Today, working-age immigrants contribute to the economy and more to social services than they consume. America needs more of them. Doubling GDP growth to 4% from the anemic 2% that has become the new normal would create more than $4 trillion in additional economic activity in the 10th year—more than the entire current GDP of Germany. It would also add $1 trillion in recurring tax revenues.
 They like many aspects of the Senate bill.
The Senate immigration reform addresses most of the flaws of the current system. It reduces family preferences, increases the number of high-skilled visas, expands guest-worker programs, and creates a merit-based immigration system for people who want to pursue the American dream. It also offers a path to citizenship for those who were brought here illegally as children, and dramatically increases resources and tools for border security.

The bill also invites people who came here illegally to come out of the shadows through a provisional resident status. It does not provide an amnesty, that is, a pardon. The Senate bill creates a 13-year probation during which those who came illegally must pay a series of fines and back taxes, undergo background checks, are ineligible for most social services, and must work continuously.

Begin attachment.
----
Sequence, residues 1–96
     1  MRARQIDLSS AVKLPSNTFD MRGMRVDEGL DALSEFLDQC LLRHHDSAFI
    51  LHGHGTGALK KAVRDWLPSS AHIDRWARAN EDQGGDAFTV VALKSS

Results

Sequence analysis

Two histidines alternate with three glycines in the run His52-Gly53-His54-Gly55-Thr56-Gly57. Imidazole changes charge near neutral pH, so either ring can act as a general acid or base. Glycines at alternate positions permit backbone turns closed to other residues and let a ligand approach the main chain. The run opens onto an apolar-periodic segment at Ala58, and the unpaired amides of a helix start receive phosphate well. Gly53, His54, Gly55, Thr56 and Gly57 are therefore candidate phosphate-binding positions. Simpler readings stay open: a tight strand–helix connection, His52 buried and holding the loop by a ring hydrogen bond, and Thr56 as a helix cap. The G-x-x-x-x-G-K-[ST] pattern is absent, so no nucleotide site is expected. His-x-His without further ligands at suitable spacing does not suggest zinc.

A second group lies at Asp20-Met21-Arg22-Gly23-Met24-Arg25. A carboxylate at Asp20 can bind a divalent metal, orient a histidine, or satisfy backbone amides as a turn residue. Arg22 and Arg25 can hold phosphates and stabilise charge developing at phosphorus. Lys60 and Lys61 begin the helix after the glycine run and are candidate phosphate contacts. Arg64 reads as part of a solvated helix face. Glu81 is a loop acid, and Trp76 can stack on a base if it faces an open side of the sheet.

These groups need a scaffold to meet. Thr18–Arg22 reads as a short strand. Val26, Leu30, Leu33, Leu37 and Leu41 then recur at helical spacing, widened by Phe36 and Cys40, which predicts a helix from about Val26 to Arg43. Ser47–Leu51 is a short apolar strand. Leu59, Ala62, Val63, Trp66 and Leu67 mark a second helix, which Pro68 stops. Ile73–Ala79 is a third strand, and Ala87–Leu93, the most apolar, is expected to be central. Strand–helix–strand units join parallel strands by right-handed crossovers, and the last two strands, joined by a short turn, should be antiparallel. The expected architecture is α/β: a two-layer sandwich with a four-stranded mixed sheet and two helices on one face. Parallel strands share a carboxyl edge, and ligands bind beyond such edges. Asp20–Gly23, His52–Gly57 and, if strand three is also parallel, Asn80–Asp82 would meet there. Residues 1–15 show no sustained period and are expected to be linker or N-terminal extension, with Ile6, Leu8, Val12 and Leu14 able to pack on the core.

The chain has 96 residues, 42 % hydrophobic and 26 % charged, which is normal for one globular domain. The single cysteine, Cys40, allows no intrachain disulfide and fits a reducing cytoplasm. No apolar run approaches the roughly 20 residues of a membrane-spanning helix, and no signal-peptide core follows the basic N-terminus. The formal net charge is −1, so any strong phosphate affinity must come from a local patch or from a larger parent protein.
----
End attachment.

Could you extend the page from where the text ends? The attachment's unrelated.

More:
Overall, the bill satisfies a criterion that is essential to the rule of law: It makes it easier to immigrate legally than illegally.

The nonpartisan Congressional Budget Office projects that the Senate bill would reduce the budget deficit by more than $1 trillion over 20 years, boost the economy and increase productivity, without reducing the wages of U.S. workers. In short, it advances Republican economic growth objectives.
 Here are some areas which the House can improve upon it in their estimation.
Still, the House can make several important improvements. These include clearer and more objective border security "triggers" to assure that the flow of illegal immigrants has been curbed, and a stronger E-Verify system to ensure that only people who are here legally are working. The House also can create more opportunities for work-based immigration by limiting family preferences to spouses and minor children, as most other countries do.

Importantly, the House can increase the artificially low guest-worker numbers included at the behest of labor unions in the Senate bill. The best antidote to illegal immigration in the future is a functioning system that allows workers to come and go legally.